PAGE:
Brochure: Helping Your Preschool Child
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A parent is a child's first and most important teacher, which is why the No Child Left Behind Act of 2001 recognizes parents' vital role in education.
— Secretary of Education Margaret Spellings

The first five years of a child's life are a time of tremendous physical, emotional, and cognitive growth. The amount of support children receive during these early years can be strongly connected to the level of success they achieve later in life. Children whose families involve them in activities that allow them to wonder and experiment often take pleasure in learning, which motivates them to learn more. For example, when children are provided with an environment rich in both written and oral language, they acquire essential skills for learning how to read. Children who enter school without these skills may risk falling behind their peers.

All families want their children to receive a quality education and perform well in school. The No Child Left Behind Act, the national effort to improve education, aims to make this desire a reality by holding schools accountable for children's learning. This brochure is based on the larger Helping Your Child series of publications for parents and families, which is designed to provide parents with the latest research and practical information to help them support their children and ensure their children's success in school and in life.


Letters, letters, everywhere (for children ages three to five)

Sharing the alphabet with children helps them learn letter names and shapes, and link the letters to the sounds of oral language.

What you need:

  • Alphabet book, alphabet blocks, and alphabet magnets,
  • Paper,
  • Pencils, crayons, and markers, and
  • Glue.

What to do:

  • With your child, print the letters of his or her name on paper and say each letter as you write it. Make a name sign for his or her room or other special place. For added fun, your child can decorate the sign.

  • Teach your child "The Alphabet Song" and play games using the alphabet. Some alphabet books have songs and games that you and your child can learn together.

  • Look for educational videos, DVDs, CDs, and television shows such as "Between the Lions" and "Sesame Street" that feature letter-learning activities for young children. Watch these programs with your child and join in with the rhymes and songs.

  • Place alphabet magnets on your refrigerator or on another smooth, safe metal surface. Ask your child to name the letters and the words he or she may be trying to spell.

  • Whenever you are with your child, point out individual letters in signs, billboards, posters, food containers, books, and magazines.

  • Line up alphabet blocks and have your child say the name of each letter. Your child can use these blocks to spell his or her name.

The ages between birth and age five are the foundation upon which successful lives are built.
— Mrs. Laura Bush

tips for parents

The following checklist, although not exhaustive, can help guide you as you prepare your child for school. It is best to look at the items as goals, which should be accomplished, as much as possible, through everyday routines or enjoyable activities with your child. If your child lags behind in some areas, do not worry. Remember that children grow and develop at different rates.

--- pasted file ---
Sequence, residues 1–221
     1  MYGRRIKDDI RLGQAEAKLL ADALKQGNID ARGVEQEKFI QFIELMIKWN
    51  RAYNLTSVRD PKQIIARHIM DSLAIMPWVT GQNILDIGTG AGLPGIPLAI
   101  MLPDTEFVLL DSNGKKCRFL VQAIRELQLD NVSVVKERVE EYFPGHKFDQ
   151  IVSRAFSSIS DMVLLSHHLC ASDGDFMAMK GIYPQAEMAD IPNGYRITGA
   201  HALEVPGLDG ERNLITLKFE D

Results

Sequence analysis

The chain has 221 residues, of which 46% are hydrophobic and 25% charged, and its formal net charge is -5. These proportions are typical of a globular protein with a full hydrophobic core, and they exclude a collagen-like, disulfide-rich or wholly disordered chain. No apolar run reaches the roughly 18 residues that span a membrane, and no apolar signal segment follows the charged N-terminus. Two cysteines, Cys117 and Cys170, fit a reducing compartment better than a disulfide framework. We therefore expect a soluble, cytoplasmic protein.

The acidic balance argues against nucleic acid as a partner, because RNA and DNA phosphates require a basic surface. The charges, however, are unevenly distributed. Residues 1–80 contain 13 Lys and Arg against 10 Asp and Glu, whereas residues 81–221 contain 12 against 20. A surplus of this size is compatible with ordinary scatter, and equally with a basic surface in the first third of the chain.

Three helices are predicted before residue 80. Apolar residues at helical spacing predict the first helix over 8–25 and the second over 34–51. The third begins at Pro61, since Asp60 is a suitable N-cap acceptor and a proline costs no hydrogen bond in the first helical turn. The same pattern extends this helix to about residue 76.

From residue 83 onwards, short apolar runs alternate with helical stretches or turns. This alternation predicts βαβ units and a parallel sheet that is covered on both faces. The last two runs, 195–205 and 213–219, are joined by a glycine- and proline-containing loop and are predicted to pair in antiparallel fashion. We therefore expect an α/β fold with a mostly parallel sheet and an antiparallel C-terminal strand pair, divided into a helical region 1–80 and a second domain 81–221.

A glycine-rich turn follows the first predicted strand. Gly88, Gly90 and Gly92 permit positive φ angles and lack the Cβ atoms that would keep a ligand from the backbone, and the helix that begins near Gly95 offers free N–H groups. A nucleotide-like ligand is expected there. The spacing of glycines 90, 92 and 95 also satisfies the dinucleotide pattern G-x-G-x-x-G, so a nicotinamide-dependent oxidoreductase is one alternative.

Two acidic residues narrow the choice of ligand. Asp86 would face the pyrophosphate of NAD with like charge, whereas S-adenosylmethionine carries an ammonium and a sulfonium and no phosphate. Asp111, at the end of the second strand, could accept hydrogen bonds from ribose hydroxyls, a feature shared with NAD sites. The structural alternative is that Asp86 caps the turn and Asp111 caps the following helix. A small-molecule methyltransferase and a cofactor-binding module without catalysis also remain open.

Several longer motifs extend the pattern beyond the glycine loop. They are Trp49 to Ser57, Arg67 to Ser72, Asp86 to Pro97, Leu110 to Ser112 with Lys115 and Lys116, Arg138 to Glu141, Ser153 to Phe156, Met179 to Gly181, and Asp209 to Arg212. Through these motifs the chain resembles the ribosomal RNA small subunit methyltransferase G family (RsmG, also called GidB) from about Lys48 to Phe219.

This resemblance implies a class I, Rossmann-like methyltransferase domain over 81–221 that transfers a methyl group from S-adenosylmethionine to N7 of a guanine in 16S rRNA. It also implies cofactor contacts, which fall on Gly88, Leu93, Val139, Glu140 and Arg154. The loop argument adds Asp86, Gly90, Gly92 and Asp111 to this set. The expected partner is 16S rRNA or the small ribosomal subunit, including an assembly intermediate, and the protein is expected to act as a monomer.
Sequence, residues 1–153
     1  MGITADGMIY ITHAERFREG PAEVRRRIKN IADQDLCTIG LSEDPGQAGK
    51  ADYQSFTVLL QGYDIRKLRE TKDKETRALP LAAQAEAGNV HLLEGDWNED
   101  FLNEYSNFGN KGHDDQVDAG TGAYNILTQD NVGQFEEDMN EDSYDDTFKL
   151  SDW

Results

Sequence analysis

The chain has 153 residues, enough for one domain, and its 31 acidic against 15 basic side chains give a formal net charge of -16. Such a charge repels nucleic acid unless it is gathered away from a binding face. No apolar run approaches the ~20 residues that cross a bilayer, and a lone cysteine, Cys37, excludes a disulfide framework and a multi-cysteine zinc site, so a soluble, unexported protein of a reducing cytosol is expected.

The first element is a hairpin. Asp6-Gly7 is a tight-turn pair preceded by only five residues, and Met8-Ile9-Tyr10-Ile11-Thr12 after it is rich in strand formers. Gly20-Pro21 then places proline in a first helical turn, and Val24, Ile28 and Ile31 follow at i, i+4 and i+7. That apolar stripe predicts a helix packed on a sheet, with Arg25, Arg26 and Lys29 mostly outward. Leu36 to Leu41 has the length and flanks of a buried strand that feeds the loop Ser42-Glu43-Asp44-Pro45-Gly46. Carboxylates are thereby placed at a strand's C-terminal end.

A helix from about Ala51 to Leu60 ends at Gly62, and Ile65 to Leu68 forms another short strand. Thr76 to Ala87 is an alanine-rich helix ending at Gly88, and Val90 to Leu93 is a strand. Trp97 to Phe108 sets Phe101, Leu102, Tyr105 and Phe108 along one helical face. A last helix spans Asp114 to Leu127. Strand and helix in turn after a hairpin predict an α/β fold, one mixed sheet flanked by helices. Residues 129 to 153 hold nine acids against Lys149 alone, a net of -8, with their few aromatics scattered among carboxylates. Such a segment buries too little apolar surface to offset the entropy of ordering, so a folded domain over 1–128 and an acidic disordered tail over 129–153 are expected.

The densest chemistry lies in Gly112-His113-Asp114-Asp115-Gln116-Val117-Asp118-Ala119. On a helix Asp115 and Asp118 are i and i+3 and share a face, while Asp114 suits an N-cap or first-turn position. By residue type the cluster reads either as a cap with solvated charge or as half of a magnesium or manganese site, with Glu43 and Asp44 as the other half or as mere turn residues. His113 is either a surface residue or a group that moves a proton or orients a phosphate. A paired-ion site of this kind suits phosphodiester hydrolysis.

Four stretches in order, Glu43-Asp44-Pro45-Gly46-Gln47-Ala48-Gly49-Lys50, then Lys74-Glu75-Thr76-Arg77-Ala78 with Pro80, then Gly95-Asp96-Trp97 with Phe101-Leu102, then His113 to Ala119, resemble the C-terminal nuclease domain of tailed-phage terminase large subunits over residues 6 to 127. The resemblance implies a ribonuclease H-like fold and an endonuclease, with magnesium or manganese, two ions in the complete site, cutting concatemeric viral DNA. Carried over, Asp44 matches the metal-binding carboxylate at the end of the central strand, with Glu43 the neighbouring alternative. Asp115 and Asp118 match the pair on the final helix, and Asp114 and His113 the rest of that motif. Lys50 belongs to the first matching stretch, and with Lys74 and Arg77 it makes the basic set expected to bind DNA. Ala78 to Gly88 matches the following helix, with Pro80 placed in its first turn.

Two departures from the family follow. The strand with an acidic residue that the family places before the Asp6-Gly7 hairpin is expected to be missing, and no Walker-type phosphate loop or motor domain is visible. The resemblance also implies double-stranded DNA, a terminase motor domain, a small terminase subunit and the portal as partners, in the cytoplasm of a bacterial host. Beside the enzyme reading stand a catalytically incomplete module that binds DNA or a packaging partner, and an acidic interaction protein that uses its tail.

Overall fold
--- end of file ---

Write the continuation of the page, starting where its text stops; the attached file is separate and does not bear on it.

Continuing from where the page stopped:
Good health and physical well-being
My child:

  • Eats a balanced diet and gets plenty of rest;
  • Receives regular medical and dental care, and has had all necessary immunizations;
  • Runs, jumps, plays outdoors, and participates in other active pursuits; and
  • Works on puzzles, scribbles, colors, paints, and engages in other creative activities.

Social and emotional preparation
My child:

  • Is learning to explore and try new things;
  • Is beginning to work well independently;
  • Has opportunities to be with other children and is learning to cooperate;
  • Is curious and motivated to learn; and
  • Can follow simple instructions.

Language and general knowledge
My child:

  • Has many opportunities to talk and listen;
  • Is read to every day and has access to books and other reading materials;
  • Watches television when monitored by an adult;
  • Is encouraged to solve problems and sort and classify things;
  • Is learning to count and plays counting games;
  • Is learning to identify shapes and colors; and
  • Has opportunities to draw, dance, and listen to and make music.


This brochure was drawn from the larger booklet in the Helping Your Child series, "Helping Your Preschool Child," which provides tips, resources, and fun activities that parents can use with children from infancy through age five. For more information on how you can help your child succeed in school and in life, visit the Helping Your Child series Web site at

For more information on how you can help your preschool child, take a look at the following resources from the U.S. Department of Education and other organizations:

Note: This document contains information about and from public and private entities and organizations for the reader's information. Inclusion does not constitute an endorsement by the U.S. Department of Education of any entity, organization, products or services offered or views expressed. This publication also contains hyperlinks and URLs created and maintained by outside organizations and are provided for the reader's convenience. The Department is not responsible for the accuracy of information found in them.

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Last Modified: 09/16/2008